Yale Child Study Center's Madison Practice Gains a Director, Hosts Open House
When Nicole Gentili, a licensed clinical social worker, joined the Yale Child Study Center’s practice in Madison as director in July, she brought years of experience in individual, group and family therapy, psychosocial assessment and parenting support. But in addition to providing care, one of her key missions is to spread the word throughout the shoreline communities about the wide-ranging services available for children and families in a convenient location.
“We bring the expertise of the Child Study Center closer to shoreline families and surrounding communities,” said Gentili. “Families in the Madison area now have access to the extraordinary dedication and skill of our New Haven facility. Our clinical team enriches patient care by bringing a century of experience treating the problems of children, adolescents and their families.”
An open house will be held at the practice on Wednesday, September 21, from 5 to 7:30 p.m. It will include a free presentation by Yale Child Study Center speech-language pathologist Leah Booth titled “Beyond School: Using Visual Strategies to Support a Child’s Social and Adaptive Success at Home and in the Community.”
Booth and other Yale Child Study Center clinicians are distinguished leaders in a variety of specialty areas. They are professionally trained and accredited in disciplines such as psychiatry, psychology, speech-language pathology, pediatrics, public health, social work and mental health policy.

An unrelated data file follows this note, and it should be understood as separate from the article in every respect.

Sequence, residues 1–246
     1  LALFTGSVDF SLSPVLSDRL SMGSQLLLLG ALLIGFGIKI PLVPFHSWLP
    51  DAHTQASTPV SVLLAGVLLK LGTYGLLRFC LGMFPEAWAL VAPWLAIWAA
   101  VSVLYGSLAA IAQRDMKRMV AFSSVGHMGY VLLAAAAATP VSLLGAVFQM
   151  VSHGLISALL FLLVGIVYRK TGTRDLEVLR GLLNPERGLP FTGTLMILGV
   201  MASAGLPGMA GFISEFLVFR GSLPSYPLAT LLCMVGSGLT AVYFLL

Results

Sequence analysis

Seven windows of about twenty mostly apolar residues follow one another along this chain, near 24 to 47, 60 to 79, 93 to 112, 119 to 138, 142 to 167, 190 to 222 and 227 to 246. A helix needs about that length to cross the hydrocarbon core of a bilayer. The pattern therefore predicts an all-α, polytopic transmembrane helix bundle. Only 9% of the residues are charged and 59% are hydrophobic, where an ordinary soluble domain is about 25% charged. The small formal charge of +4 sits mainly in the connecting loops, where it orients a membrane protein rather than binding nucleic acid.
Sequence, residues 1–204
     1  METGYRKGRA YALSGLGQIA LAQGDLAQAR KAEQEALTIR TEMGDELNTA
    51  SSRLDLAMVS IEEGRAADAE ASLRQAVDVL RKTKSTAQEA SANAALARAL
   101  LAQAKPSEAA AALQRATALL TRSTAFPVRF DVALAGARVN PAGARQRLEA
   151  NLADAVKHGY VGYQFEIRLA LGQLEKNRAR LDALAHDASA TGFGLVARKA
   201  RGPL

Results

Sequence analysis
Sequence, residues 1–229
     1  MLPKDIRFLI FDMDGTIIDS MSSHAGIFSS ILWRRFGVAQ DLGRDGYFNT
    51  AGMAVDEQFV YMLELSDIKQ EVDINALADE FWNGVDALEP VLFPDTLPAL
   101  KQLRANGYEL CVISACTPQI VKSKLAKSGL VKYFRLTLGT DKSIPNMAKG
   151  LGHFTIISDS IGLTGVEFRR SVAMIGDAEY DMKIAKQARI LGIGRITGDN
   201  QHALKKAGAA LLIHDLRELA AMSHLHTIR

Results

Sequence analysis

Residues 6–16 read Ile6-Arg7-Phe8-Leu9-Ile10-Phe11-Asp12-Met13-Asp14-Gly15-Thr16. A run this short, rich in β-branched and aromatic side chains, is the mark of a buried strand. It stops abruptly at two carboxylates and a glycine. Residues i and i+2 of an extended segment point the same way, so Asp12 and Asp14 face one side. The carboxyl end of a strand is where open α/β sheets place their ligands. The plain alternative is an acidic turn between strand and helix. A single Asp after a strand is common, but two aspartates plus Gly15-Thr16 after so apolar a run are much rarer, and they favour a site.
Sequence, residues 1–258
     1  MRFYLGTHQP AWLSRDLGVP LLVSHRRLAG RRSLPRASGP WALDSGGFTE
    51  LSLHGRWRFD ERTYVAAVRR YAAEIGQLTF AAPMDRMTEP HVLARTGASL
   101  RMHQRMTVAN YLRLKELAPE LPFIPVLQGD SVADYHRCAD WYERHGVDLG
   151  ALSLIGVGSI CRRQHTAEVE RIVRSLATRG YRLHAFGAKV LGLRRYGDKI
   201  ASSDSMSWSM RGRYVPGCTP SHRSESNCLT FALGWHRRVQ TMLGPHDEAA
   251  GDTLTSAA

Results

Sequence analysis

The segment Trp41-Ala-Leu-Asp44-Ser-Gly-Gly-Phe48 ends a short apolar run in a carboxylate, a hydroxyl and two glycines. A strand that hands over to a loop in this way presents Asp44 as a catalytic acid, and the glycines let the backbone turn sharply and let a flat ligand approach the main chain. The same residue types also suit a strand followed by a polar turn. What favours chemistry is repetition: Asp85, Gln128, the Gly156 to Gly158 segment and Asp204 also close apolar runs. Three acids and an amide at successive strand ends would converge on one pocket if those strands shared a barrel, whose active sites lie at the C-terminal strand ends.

Some of the services available at the Madison practice include short- and long-term psychotherapy, psychiatric evaluations, autism spectrum disorder evaluations, SAT accommodation testing, speech and language evaluations, medication evaluation and management, psychological/neuropsychological evaluations, school consultations and observations, academic skills therapy and educational advocacy.
Therapists from the Child Study Center’s Early Childhood Development Program provide a range of clinical interventions including developmental evaluations, psychotherapy for very young children (birth to five) and clinical work with parents.
Members of the Yale Academic Skills Clinic are available to assess children, youth and young adults from preschool through college age who are experiencing or at significant risk for academic difficulties, or who have unique learning profiles that require more complete understanding.
In addition to Gentili and Booth, Yale Child Study Center Madison clinicians include Roger J. Jou, Robert A. King, Karen Sondergaard, and Katherine D. Tsatsanis,
For more information on the Madison Practice, which is located at 23 Woodland Rd., Suite B2, in Madison, please call 203-245-5070 or visit www.childstudycenter.yale.edu.
— By Karen N. Peart